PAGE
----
The buff to Bombarda is the most significant reason why Aggressive spam is less powerful. In the previous two events, Bombarda did 5 initial damage with a 50% chance of another 10, so the AI never used it and simply healed and threw vials for 10 damage.
Now that Bombarda does 10 initial damage, it’s cast far more often. When you choose Aggressive, the computer appears to counter you harder. It might be chance alone, but it may also be overcompensation on the part of Jam City because aggressive Stance spam has been the meta approach for the previous two events.
Old Duelling Club Strategy
So you’ve got the basics down, but how are you going to win nine duels with under three losses? There’s probably some method to choosing stances based on what the computer is currently favoring, however it appears rather haphazard. Both your character and the AI-controlled adversary begin with 40 life.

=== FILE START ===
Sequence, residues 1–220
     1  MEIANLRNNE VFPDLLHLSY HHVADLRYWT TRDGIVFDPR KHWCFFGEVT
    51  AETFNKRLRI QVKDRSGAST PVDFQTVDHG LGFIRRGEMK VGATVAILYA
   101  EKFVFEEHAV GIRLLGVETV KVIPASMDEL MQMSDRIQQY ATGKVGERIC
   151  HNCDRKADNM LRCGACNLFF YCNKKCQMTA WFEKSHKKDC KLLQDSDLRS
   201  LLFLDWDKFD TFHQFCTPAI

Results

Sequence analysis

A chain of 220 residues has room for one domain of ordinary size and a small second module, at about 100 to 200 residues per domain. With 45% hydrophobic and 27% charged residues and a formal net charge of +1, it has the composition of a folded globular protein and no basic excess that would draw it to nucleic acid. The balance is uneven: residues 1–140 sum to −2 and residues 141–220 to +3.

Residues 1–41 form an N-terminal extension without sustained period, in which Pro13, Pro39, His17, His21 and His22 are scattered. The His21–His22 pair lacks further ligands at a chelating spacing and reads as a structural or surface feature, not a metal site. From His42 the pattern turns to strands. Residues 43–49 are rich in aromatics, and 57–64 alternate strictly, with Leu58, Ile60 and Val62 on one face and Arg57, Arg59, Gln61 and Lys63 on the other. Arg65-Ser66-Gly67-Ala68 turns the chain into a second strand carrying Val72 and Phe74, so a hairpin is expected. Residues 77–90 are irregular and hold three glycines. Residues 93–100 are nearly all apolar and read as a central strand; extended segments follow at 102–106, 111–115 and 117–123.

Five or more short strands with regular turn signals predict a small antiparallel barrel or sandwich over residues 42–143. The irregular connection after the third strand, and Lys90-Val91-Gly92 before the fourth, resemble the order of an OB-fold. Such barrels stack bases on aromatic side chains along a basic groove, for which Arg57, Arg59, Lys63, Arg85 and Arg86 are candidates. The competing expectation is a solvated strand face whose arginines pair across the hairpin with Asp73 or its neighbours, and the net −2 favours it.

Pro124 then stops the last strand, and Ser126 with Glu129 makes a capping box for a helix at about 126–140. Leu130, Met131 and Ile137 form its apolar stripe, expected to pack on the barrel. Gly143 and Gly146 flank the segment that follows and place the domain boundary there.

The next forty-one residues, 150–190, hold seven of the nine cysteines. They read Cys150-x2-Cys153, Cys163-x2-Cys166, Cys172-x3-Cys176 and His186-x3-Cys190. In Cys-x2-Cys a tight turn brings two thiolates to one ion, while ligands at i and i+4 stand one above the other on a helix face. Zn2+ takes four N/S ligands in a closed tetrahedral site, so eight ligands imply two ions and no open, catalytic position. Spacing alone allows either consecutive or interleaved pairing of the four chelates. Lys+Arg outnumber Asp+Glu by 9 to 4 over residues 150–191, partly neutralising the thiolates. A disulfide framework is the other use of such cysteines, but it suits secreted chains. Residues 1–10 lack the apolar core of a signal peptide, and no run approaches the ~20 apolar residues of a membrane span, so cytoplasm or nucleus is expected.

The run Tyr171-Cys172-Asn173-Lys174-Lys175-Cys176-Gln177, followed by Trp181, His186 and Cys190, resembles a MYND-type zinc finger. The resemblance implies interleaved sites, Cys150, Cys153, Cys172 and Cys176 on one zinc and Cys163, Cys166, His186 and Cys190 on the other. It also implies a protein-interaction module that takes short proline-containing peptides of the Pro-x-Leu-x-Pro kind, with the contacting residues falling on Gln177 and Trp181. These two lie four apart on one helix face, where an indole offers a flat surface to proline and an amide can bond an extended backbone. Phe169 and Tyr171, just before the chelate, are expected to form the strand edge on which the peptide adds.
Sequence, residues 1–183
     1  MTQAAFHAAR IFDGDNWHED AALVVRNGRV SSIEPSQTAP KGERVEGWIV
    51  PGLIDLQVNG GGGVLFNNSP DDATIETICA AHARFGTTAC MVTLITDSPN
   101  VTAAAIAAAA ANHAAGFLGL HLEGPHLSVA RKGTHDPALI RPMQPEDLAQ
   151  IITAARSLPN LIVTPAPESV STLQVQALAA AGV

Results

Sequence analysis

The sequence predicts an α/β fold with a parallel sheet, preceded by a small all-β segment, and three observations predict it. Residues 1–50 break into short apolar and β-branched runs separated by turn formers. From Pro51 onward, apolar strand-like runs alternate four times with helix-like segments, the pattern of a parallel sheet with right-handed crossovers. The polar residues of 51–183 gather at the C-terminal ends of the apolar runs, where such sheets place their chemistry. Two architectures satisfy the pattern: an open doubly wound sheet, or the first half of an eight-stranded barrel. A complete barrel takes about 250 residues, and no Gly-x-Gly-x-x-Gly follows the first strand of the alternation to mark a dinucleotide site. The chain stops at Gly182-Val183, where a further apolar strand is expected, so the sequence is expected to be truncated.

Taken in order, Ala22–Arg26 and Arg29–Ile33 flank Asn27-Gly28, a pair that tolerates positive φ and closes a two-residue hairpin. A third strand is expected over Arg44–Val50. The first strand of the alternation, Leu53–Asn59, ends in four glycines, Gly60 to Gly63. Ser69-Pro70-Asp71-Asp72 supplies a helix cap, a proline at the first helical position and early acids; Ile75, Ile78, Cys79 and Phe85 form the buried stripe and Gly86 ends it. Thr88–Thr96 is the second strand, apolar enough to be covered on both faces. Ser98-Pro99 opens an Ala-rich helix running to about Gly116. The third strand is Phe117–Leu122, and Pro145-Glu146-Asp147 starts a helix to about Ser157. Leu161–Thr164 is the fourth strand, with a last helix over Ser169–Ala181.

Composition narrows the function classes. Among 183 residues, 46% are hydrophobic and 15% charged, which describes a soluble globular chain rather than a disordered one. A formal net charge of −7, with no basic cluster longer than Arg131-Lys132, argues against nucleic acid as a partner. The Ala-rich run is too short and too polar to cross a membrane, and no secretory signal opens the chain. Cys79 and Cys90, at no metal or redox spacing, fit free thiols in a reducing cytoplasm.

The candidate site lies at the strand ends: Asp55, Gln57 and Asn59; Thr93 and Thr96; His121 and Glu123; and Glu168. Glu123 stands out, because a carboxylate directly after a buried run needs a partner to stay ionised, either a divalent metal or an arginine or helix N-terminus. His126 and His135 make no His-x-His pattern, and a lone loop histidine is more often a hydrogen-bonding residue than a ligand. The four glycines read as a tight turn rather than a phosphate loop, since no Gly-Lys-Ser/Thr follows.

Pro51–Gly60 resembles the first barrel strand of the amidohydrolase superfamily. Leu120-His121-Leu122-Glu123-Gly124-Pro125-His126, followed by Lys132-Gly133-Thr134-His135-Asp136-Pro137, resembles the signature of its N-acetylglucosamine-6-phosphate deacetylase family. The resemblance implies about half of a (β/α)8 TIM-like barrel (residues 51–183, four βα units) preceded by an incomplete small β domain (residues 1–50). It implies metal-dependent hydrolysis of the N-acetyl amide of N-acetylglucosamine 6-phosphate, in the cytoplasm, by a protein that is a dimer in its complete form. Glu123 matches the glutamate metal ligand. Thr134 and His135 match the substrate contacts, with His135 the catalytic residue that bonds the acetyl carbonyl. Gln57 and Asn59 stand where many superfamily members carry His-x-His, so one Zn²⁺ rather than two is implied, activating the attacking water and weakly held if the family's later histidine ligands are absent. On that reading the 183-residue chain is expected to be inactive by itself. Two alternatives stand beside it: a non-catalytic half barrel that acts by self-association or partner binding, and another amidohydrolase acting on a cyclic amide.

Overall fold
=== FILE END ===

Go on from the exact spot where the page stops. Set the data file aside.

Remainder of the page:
The simplest way to win is to be as aggressive as possible, no matter what. Then Depulso every time. Incendio does 5 less damage than Depulso, but it has a chance to activate the damage over time effect, which increases its potential for 10 more damage (up from 5). It isn’t worth it if it doesn’t proc the damage.
If you’re looking to just grab the most out of your fire teams, this is a devastating book. While it’s true that burning minions are easily removed by silence, they can be resurrected with healer support and will not die until there are no more copies left in play -> This book may be quite beneficial if utilized appropriately (it might potentially be worth)